We’ve just started our fostering journey! Check out our first experience!
|Age||1 year old|
|Breed||Mixed breed (we don’t know)|
Day 1: Excitement And A Nervous Dog
We were both so excited to foster a dog. Finally, we were ready and saw a dog on social media who needed a foster home. So we applied straight away. We sent pictures of our backyard, inside our house and everything we had prepared for a dog to join our home. We had bowls, kennels out the back, and a dog bed beside our bed.
We drove to the rescue place, about 20 minutes from where we live. The person surrendering the dog was an hour late, so we sat around for an hour twiddling our thumbs. This wasn’t the rescue’s fault, as they try to organise times between foster carers and whoever’s surrendering the dog. This time it didn’t work out as planned. But that’s something we’re starting to realise happens with fostering – nothing goes to plan!
Finally, a 3:00pm our foster dog arrived! His name was Bolt. He was a real beauty. BUT he didn’t like us at all. He barked at us and was extremely afraid to approach us. We weren’t able to touch him. And his bark was LOUD!
We were told to not make any eye contact with him at all and to not touch him until he initiated contact with us. We were also told that we didn’t have to take him if we felt unable to deal with him. But we took him anyway.
This picture of him in the car looks nice, but neither of us had actually touched him or looked him in the eye at this point.
When we got him home, he was terrified. He wouldn’t come out of the car and growled at us if we approached. We tried tempting him out with biscuits, but he was way too scared of us. It took him a LONG time to get into the house.
When he finally did come inside, we tried to get him used to us by hand feeding him biscuits and getting him to run between us. We still hadn’t touched him at this point, apart from him eating from our hands.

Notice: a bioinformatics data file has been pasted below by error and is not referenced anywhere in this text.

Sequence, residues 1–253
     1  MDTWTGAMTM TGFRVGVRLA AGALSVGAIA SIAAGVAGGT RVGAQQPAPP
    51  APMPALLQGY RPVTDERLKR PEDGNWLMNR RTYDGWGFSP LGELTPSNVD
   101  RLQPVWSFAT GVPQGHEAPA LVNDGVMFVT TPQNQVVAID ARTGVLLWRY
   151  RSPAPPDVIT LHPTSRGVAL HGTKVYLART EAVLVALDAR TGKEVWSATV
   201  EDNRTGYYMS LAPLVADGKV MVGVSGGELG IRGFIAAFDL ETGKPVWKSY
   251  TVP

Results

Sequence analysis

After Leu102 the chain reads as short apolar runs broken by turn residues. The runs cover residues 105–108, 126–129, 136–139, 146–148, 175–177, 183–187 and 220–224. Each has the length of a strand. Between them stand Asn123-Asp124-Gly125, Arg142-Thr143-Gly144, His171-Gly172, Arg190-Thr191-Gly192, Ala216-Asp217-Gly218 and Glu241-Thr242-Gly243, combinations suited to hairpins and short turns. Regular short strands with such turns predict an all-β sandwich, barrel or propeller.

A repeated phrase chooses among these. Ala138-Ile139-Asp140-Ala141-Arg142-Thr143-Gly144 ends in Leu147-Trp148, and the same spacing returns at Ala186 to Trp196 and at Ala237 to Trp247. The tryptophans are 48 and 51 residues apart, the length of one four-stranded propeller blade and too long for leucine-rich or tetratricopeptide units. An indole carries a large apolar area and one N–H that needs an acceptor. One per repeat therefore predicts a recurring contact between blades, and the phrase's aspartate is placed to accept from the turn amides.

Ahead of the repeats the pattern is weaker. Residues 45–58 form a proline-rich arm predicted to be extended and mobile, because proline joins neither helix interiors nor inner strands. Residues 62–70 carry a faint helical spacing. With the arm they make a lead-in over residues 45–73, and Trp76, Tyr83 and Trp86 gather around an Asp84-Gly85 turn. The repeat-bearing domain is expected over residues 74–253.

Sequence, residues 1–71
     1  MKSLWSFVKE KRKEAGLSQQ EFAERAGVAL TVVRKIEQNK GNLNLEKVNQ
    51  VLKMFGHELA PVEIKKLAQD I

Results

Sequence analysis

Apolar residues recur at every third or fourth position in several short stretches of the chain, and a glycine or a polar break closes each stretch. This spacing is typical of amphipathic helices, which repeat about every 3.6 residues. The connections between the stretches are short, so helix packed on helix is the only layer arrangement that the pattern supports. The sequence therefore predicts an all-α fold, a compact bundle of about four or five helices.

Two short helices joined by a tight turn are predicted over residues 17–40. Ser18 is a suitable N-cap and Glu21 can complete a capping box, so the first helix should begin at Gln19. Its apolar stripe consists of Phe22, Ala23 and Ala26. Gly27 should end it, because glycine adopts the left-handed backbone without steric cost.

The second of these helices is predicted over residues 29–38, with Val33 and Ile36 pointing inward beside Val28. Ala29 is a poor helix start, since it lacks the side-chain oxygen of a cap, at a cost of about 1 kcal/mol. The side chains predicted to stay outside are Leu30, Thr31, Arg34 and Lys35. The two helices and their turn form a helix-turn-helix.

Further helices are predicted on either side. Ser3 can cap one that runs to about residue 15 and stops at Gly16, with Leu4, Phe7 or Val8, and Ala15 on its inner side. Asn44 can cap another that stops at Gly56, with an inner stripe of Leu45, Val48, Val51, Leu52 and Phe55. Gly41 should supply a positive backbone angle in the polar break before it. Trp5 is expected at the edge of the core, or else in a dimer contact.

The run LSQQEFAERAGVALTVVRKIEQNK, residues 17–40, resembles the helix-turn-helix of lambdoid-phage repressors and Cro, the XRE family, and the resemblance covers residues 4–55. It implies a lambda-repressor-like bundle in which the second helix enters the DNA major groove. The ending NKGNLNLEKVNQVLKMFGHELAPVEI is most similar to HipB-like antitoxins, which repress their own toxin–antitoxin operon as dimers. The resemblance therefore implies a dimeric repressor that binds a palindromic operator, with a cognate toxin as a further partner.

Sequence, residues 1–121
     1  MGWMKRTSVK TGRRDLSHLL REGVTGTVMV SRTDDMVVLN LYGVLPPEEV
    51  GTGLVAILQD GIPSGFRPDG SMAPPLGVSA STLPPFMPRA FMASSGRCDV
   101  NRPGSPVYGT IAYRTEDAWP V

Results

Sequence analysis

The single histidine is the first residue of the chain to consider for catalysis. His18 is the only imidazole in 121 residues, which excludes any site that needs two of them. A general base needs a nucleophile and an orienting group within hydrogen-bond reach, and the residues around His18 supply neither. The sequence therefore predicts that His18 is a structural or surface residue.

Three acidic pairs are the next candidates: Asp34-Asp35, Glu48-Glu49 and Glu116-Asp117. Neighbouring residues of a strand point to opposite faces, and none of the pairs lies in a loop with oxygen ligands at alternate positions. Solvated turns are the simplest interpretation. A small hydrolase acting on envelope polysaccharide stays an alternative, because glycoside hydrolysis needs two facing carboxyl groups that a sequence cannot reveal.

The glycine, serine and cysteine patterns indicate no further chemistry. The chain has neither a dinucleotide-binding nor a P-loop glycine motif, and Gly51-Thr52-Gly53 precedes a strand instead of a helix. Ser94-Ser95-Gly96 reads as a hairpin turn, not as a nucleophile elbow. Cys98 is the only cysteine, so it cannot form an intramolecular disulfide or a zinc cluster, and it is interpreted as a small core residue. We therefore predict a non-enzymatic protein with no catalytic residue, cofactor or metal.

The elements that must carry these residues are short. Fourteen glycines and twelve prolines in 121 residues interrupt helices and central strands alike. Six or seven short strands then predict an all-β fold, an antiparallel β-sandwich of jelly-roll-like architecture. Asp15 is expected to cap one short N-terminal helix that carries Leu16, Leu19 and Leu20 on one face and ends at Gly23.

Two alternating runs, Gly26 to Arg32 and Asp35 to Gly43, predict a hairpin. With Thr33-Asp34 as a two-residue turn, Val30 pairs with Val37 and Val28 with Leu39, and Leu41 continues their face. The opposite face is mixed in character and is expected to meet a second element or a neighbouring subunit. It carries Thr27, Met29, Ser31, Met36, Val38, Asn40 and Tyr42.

Next, we started asking him to give us his paw.
That’s all we did for the day. We didn’t want to push him too much. We showed him his bed at the foot of our bed, and he was happy sleeping there all night. It turns out he was toilet trained and had no accidents. But we kept waking up all night every time he moved to check if he was going to go to the toilet.
Day 2: Bonding and Goodbye
On the second day, we managed to get his harness back on after a long time of trying. He was excited to go for a walk and was really strong on the lead. But it seemed to cement his trust in us and we were able to pat him and cuddle him by the second day!
He warmed up to me first. It took him a bit longer to be comfortable around Morgan. But by the afternoon, he was lying on the floor getting belly rubs. We were all bonding really nicely and we were so happy with the progress.
Unfortunately, or fortunately, however you want to look at it, the people who surrendered Bolt decided that they didn’t want to part with him after all. So we got a message from the rescue group saying the people were going to come and pick him up again. We were sad, but also happy that Bolt would get a home.
Bolt was definitely happy to see them, which made us feel a lot better about saying goodbye to him so soon. It was hard. And even after only one night, it was so weird having the house empty again. We missed him even after such a short time.
Our first experience left us feeling happy with our achievements and more confident in our ability to take on all sorts of dogs, but it also left us a bit deflated. We had spent a lot more time than we expected in just driving to meet him, waiting an hour longer than we were supposed to, and then giving him time and attention to warm up to us.
Having put all that effort in just for him to go back to where he came from the next day was not easy. But we were happy for the experience as it showed us just what highs and lows foster caring can bring.
We definitely don’t want to stop foster caring, but we also realised just how much time and energy it takes to be a foster carer.
Onwards and upwards from here! 🐾